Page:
Classic Pico De Gallo Recipe

What would you do if you were at a party and your host asked "Would you like to try some rooster's beak?" Chances are you wouldn't hesitate to turn them down. But what if your host said "Would you like to try some pico de gallo?" You'd probably give them an enthusiastic "yes," thinking of that delightfully chunky salsa that goes perfectly with tortilla chips. But here's the funny part. "Pico de gallo" is Spanish for "beak of the rooster." 

Now, before you become concerned that you ate bird beaks and didn't realize it, no parts of chickens are used in this classic dish. As wellness coach and recipe developer Miriam Hahn explains, "It actually means 'rooster's beak' because originally people ate it by pinching pieces between the thumb and forefinger." In other words, that pinching action mimics a rooster pecking at food. And with Hahn's recipe, you only need 10 minutes of prep to make mouthwatering pico de gallo that your guests will do more than just peck at during your next get together. 

Gather your ingredients

To make your pico de gallo, you'll need six medium-sized tomatoes, chopped cilantro, lime juice, and salt. You'll also need to dice one white onion, and to give your salsa a nice kick, you'll need to dice one jalapeño pepper (and don't forget to remove the seeds). 

But wait? Aren't there a number of hot peppers that could add spice to your pico de gallo? Yes, but, as Hahn explains, "I like using jalapeño because they are more mild than serrano and MUCH milder than habaneros."  However, she did say that you can swap the jalapeño for something spicier if you want your pico to pack a little more heat.

Not all tomatoes are the same

Before we dive into this recipe, a quick word about that popular yet often confusing ingredient: the tomato. Why confusing? Well, ask yourself this: Is it a fruit or a vegetable? According to Healthline, it's technically a fruit that's used more like a vegetable in dishes like soups or sauces. And just as there are a wide variety of apples (some of which are now extinct), the tomato family spans the tiny yet juicy cherry tomatoes that you might find on a kebab to the large beefsteak tomatoes that might be crowning off the toppings on your hamburger. So, choosing just the right tomato is crucial for any recipe. 

Prepare your tomatoes

So, which tomato should you use to make pico de gallo? Hahn has a few suggestions.

"I like using tomatoes on the vine because I feel they tend to be the freshest and firmest," she says, adding, "But Roma or hothouse work well too." 

Whatever type of tomato you choose, Hahn recommends opting for something organic. "I always buy organic tomatoes so that is the most important thing for me. So, out of the organic choices, I choose the ones that look the freshest and feel the firmest."

So, once you've chosen your tomatoes, dice them up and put them in a colander for about 10 minutes to drain. You'll want to shake the colander to help release the extra water.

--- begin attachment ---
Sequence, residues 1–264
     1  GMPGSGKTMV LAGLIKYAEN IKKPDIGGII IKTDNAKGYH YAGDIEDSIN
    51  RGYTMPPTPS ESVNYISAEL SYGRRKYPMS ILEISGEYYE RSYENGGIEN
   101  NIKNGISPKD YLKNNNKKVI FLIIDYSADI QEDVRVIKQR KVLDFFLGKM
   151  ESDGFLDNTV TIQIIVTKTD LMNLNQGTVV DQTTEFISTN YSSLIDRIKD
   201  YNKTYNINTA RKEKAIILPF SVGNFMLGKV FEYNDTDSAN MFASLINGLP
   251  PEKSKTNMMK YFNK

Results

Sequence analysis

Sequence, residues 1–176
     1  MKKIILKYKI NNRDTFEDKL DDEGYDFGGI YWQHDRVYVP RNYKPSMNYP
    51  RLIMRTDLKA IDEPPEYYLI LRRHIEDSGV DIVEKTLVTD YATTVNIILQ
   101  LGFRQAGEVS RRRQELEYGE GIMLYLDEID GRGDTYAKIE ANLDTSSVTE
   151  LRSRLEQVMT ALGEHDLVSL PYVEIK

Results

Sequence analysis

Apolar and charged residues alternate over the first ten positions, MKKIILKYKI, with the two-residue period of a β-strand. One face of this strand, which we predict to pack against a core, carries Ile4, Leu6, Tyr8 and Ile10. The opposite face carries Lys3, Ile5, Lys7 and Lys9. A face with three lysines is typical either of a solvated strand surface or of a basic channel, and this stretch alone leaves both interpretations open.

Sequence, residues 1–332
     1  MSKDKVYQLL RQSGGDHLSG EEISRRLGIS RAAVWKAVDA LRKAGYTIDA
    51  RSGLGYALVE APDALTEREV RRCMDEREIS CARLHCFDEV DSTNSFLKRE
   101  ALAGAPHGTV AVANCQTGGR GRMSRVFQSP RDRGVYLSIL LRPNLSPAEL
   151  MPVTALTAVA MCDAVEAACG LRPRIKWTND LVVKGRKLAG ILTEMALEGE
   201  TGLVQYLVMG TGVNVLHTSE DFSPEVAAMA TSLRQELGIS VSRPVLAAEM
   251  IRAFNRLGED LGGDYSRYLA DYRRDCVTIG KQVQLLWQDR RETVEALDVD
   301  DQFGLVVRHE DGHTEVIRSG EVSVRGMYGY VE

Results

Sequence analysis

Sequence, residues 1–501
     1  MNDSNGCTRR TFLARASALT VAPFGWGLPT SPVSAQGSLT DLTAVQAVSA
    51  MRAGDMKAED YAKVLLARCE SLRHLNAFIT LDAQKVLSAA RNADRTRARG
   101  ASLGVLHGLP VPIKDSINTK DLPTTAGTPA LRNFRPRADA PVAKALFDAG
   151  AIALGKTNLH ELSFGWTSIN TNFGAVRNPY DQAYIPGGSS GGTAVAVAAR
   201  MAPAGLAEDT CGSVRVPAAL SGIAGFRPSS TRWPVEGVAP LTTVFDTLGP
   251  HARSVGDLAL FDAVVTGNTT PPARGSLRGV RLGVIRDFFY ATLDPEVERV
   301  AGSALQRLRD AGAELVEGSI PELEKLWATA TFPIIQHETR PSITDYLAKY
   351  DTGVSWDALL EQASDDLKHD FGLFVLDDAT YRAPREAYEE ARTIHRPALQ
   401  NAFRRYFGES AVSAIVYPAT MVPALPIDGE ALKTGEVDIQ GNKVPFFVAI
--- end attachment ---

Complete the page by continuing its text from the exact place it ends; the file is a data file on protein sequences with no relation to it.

All about white onions

Just like tomatoes, there are a variety of onions on the market. There's the sharp yellow onions that you might find in French onion soup. Then there's the thin, green scallions that garnish salads and sauces alike. And who can forget the often pickled red onion? However, it's no accident that Hahn chose white onions for her pico de gallo recipe.

"Traditionally white onions are used for pico de gallo because they tend to be sharper and more pungent," she explains. So, are white onions your only option for this salsa? Actually, no. Hahn said that she has "also used red onion and that offers good flavor too."

Combine your tomatoes with your other ingredients

Once you've diced and drained your tomatoes, combine them with the diced white onion, diced jalapeño, chopped cilantro, lime juice, and salt in a medium bowl.

One thing you'll notice about your pico de gallo is the contrasting flavors. After all, spicy peppers are on the opposite end of the flavor spectrum from tart lime juice. However, as Hahn notes, there's a very good reason for the wide variety of flavors in this dish.

"I think the lime juice and the salt really bring this recipe to life," she tells us. "The mild and spicy flavors are so delicious when combined."

Serving your pico de gallo

To make sure your guests get the full impact of all the flavors in your pico de gallo, make sure to thoroughly stir all your ingredients. Although you can serve this salsa right away, you can also chill it — however, Hahn says it's best to use it within 48 hours.

"The tomatoes can get soggy after 48 hours, so I like to eat it in that window of time for the best texture," she explains.

Besides tortilla chips, Hahn says pico de gallo can work with a number of dishes like tacos (especially jackfruit tacos), burritos, and fajitas, but "it is fabulous on a tofu or egg scramble."

Classic Pico De Gallo Recipe
5 from 30 ratings
This versatile, delicious pico de gallo is full of color, flavor, and crunch. Plus, it's ready in just 10 minutes -- no food processor or blender required!
Prep Time
Cook Time
Overhead shot of a white bowl filled with pico de gallo next to tortilla chips and limes
Total time: 10 minutes
  • 6 medium tomatoes
  • ¾ cup white onion
  • ½-1 jalapeño, seeds removed
  • 1 bunch of fresh cilantro
  • 3 tablespoons lime juice
  • 1 teaspoon salt
  1. Dice the tomatoes and put them in a colander for about 10 minutes to drain. Shake the colander to help release the extra water.
  2. Dice the onion and jalapeño and chop the cilantro.
  3. Combine the tomatoes, onion, jalapeno, cilantro, lime juice, and salt in a medium bowl.
  4. Stir well and serve with corn chips or as a topping on tacos, burritos, or fajitas.
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